Smith Goes to Washington(SE)/A,B+
matter how many times I see this film it never fails to
bring tears to
my eyes or choke me up at various moments. The exact scene is
not quite predictable and I canít be sure if itís
"sense memory" bringing me back to
an earlier time when the cynical strains of adulthood hadnít
yet taken over my being. Smith is a fresh experience for me each time. I have never marveled
quite so at the brilliance of James Stewart as the wide-eyed
Senator. I just sort of took his passion for granted. It is a
brilliant performance. This great film ranks
amongst my favorites.
meets the Press. ©Columbia
was a very controversial film in its day. Filmed with war raging
in Europe, many were sensitive to
director Capraís portrayal of corruption in Washington's highest places. Good triumphs over evil at the conclusion of the
film, but the queasiness over the extent of political corruption
is forever an unsettling reminder of what goes
on behind closed doors in the power centers of our country.
Director Frank Capra got it just right
Capra combines charm, humor, drama, and Americana brilliantly.
No element of this film is out of harmony. Sentimental scenes of
Jeff Smith contemplating the world in the shadow of the Lincoln Memorial
are balanced by a delicious bit of business with a hat as Smith
meets socialite Susan Paine. Capraís actors are at their best
Alongside Stewartís great work, Jean Arthur brings her cynical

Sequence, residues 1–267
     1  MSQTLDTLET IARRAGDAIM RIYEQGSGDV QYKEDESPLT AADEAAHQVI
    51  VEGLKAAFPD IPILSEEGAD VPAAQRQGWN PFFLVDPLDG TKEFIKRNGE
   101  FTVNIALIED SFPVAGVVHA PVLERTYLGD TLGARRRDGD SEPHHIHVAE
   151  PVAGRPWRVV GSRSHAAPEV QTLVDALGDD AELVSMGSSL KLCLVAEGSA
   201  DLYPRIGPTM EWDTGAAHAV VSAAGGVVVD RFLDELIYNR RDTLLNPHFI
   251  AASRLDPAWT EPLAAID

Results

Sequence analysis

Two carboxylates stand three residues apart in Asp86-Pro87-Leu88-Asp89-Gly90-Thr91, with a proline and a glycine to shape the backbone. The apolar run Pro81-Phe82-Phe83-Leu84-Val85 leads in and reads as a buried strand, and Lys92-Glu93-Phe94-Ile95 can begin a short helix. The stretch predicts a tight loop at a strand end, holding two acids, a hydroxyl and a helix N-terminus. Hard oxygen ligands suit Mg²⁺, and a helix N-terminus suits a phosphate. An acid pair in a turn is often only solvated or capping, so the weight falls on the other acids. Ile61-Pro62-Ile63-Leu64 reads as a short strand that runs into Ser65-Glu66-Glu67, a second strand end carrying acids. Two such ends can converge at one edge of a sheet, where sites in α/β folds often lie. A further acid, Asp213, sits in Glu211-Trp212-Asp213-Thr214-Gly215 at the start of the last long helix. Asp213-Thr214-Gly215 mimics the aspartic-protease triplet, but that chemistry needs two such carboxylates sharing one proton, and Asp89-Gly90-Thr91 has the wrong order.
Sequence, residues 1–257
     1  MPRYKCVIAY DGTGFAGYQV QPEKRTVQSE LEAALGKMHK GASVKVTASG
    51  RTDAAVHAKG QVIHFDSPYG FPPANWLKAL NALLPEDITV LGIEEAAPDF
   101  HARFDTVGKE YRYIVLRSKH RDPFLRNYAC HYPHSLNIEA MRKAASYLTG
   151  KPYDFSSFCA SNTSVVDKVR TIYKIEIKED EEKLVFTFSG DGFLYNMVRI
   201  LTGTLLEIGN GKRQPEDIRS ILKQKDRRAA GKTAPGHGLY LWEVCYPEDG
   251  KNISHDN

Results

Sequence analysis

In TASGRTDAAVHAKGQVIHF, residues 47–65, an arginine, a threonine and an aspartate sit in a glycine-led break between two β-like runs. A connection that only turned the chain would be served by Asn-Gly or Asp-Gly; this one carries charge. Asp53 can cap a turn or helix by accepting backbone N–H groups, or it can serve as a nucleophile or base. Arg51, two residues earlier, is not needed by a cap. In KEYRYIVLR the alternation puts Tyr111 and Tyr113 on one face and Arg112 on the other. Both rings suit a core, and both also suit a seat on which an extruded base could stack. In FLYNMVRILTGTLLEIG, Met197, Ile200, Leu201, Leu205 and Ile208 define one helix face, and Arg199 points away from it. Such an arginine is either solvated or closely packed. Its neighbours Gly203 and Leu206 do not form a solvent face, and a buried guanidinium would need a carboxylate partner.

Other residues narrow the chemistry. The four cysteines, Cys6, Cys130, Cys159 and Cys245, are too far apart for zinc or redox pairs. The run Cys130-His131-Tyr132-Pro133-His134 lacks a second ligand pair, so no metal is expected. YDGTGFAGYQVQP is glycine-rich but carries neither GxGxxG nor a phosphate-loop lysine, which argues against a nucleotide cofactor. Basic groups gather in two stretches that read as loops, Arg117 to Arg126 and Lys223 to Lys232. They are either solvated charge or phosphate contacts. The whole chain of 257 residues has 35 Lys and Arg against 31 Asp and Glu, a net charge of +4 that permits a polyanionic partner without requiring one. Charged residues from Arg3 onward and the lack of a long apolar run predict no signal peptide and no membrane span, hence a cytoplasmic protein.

screen siren to
delightful life. Claude Rainesí eloquent delivery of dialogue
as Senator Joseph Paine resonates with the haunting beauty of
loss. Edward Arnold is equally brilliant as bullying political
boss Jim Taylor, Thomas Mitchell compliments Arthurís work
wonderfully as correspondent Diz Moore, and Harey Carey brings a
generous helping of humanity to
the role as Vice President.
It's wonderful to watch a classic like Mr.
Smith Goes to Washington looking better than I have ever
seen it. The transfer from Columbia is mostly very sharp and
the contrast is just right with the black and white palette
presented full range. A number of choppy
splices and a few scenes that are too soft. Element
damage is mostly confined to specks of dirt or an errant scratch, and it never gets in the
way of the pure pleasure provided by this beautiful film. The mono sound
is steady with no distortion or hiss.
Packaged as a special edition, Mr.
Smith Goes to Washington includes an audio commentary from Frank
Capra, Jr., the director's son. Capra's memories of his father's
style and feelings about the actors is delivered with casual
elegance. Capra is easy listening, and you get wonderful
insights into Harry Carey as the Vice President of the Senate or
as boss Jim Taylor. Capra's
relationship with his actors is brought to t he forefront time
after time. You come away feeling the secret to Capra is the way
he works with actors, but don't that fool you because Capra knew
story and delivered it magnificently. There's also a short about
the making of the movie, hosted by Capra Jr., with comments over
the clips from the film. It's very brief and adds nothing that
isn't on the commentary track. Trailers for Smith, Lost
Horizon and It Happened One Night are included in the
package and well as some publicity art.
Smith Goes to Washington is as timely today as it was 60-odd
years ago. It's a film that should be seen be every school child
and cherished as part of
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